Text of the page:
Among the banks helping General Motors with its initial public stock offering next week are two identified by initials only: ICBC and CICC.
Americans uncomfortable with U.S. government ownership of General Motors may want to hear more: One of those banks is the Industrial and Commercial Bank of China, one of China's four big central government banks. The other, China International Capital Corp., is a joint venture run primarily by Central Huijin Investment Ltd., an arm of the state, and Morgan Stanley.
This is the first time Chinese government banks have participated in a major U.S.-issued IPO, according to IPO tracking firm Dealogic. The banks are listed as co-managers in the offering, meaning they will sell a portion of the new shares.
Chinese automaker SAIC, GM's partner in China, is finalizing plans to buy a roughly 1 percent stake, worth about $500 million, in GM's IPO, the Wall Street Journal reported Friday. SAIC is owned by the Shanghai city government.
Other foreign investors that are interested include several sovereign wealth funds located in the Middle East and Asia. The Journal says those funds, which manage the finances of royal families and some nations, could invest $1 billion in GM's IPO.
There could be political backlash for President Barack Obama, who has spent the past week in Asia addressing economic issues, like currency exchange differences between the U.S. and China. Obama has argued that China artificially deflates its currency, the yuan, in an attempt to make its exports cheaper.
Many Americans were unhappy when the U.S. bailed out GM, calling the company "Government Motors."
GM 's Nov. 18 stock offering will reduce the U.S. Treasury's stake in the company from 61 percent to 43 percent, and will help payback the more than $50 billion that taxpayers invested in GM to keep it from collapsing. More stock offerings will happen in the next year or so, letting the government fully divest from the automaker.
"It's a very political topic, but what Americans need to remember is that General Motors is an international company," says Rebecca Lindland, an analyst with IHS Automotive. "If we want to get our money back, we need to understand that they have to do business on a global basis."
The U.S. Treasury has been clear that international investors are welcome to invest in GM, and many outside the U.S. are considering taking stakes in the company.
"We expect that a large and diverse group of institutional investors will be offered an opportunity to participate, with no single investor or group of investors receiving a disproportionate share or unusual treatment," the Treasury said in a recent statement.
The U.S. has become a popular haven for Chinese investors, second only to Australia in attracting Chinese stock investments, says Derek Scissors, a research fellow at conservative think-tank The Heritage Foundation. The first half of 2010 was a record year for China, Scissors says. China has sunk $45 billion into investments and engineering projects worldwide. About $1.6 billion of those investments came to the U.S.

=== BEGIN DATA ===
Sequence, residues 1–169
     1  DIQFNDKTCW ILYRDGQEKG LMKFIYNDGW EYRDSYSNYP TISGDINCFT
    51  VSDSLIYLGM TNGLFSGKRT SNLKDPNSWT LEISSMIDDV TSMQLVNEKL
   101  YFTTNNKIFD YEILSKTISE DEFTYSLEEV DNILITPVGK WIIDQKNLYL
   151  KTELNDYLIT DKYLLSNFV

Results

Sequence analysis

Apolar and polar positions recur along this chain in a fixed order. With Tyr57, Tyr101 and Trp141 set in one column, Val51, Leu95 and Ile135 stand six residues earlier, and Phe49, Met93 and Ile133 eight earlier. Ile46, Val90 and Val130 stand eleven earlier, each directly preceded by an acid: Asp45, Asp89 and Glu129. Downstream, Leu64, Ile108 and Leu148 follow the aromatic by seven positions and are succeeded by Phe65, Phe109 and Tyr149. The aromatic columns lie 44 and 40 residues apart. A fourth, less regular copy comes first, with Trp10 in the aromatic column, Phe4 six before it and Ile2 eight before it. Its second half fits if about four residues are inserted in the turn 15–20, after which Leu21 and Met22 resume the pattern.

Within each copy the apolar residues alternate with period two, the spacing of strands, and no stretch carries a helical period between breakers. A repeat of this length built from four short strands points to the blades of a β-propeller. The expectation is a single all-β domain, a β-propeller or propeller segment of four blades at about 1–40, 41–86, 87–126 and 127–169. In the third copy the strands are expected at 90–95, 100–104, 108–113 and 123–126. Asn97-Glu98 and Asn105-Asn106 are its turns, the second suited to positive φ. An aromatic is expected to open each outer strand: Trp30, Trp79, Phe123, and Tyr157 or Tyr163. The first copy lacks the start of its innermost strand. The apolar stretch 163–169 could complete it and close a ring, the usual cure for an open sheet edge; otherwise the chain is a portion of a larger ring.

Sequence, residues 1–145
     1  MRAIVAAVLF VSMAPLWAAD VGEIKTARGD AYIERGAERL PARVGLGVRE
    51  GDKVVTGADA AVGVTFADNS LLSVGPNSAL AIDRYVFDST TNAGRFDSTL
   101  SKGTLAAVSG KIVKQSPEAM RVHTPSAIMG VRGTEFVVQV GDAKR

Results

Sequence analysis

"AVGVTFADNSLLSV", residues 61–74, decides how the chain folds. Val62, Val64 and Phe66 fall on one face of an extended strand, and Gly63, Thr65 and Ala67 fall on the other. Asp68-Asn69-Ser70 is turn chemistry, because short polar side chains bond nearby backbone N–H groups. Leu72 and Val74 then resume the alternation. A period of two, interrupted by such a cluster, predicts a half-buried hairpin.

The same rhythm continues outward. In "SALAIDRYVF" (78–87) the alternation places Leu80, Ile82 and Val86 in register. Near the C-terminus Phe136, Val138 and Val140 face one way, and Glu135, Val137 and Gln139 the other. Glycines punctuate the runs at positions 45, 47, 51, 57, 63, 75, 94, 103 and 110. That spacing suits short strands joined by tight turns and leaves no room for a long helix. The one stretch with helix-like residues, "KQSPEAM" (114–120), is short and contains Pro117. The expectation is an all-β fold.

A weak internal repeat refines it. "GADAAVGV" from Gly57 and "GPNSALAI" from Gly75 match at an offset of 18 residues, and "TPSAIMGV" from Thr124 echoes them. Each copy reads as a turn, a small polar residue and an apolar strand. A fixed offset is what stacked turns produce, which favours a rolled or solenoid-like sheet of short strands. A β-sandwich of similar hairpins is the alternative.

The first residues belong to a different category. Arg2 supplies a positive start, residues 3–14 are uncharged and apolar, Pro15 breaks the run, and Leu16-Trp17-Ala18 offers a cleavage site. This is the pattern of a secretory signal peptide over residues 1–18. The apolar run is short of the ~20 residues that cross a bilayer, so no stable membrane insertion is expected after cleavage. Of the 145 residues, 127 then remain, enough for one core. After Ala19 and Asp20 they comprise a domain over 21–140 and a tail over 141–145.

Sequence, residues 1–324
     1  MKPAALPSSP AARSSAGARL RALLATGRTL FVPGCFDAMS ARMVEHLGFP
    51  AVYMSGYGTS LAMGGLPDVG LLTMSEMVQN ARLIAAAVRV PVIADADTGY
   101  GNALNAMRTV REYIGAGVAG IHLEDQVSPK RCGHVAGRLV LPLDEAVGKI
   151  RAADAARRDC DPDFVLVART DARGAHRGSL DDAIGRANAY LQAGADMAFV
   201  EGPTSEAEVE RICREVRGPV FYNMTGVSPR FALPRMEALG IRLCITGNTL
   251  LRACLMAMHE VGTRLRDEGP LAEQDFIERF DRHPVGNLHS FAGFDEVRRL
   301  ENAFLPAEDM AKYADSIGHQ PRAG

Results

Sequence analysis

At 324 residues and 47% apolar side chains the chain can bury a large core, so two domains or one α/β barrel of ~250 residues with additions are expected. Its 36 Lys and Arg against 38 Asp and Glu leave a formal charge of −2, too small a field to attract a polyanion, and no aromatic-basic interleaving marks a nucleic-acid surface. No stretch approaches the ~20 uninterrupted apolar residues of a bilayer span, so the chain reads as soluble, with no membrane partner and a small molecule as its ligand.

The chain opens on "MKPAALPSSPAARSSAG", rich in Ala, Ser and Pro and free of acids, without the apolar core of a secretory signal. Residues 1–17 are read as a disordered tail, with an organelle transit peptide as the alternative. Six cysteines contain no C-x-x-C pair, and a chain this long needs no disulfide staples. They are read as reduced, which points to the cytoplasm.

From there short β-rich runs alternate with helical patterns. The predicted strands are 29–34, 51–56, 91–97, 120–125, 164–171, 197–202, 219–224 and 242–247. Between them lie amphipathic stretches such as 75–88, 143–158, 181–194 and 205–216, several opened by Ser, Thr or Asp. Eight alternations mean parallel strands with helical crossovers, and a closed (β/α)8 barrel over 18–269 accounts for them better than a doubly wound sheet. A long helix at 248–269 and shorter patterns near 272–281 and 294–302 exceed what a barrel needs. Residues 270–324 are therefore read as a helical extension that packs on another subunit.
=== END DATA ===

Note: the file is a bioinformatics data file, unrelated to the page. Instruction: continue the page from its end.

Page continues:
In China, businesses operate with the funding and blessing of the government, says Tim Dunne, director of global automotive operations for J.D. Power and Associates. The government behaves like an interested shareholder, ensuring companies have competent management and ensuring the companies boost economic growth in their regions.
Many Chinese automakers are looking for a way into the U.S. market, he says. China is the largest car market in the world, but the U.S. is the most profitable, he says.
"The amount of money changing hands here is much greater," he says. The average selling price of a car in the U.S. is $27,500, compared with about $17,000 in China. "Multiply that over millions of vehicles, and it's quite a difference."
SAIC and GM already have a long-standing partnership in China -- GM could not sell cars in China without partnering with a local business -- and it's unclear what size stake SAIC may take in GM. The deal would need Chinese government approval.
Chris Theodore, president of consulting firm Theodore & Associates, says SAIC's investment in GM is likely an attempt to strengthen its ties with the automaker. Theodore, who was part of a group that tried to take over Volvo before it was sold to China's Geely group, says SAIC isn't the kind of company that can branch out into U.S. sales. Most of its models use GM technology and are essentially GM cars.
"They rely on GM for a lot of their profitability," Theodore says.
Michael Maduell, president of the Sovereign Wealth Fund Institute, a California-based group that watches sovereign wealth fund investments, says global investors are looking at the U.S. because they believe the overall market is undervalued. Other potential investors in GM include Abu Dhabi's Mubadala and Singapore's Temasek, which are both known for actively investing in companies, Maduell says.
Investors are "looking at emerging markets, like China and India, but all those assets are overvalued," Maduell says. "America still has a lot of fantastic investment opportunities in real estate and small- to mid-cap stocks."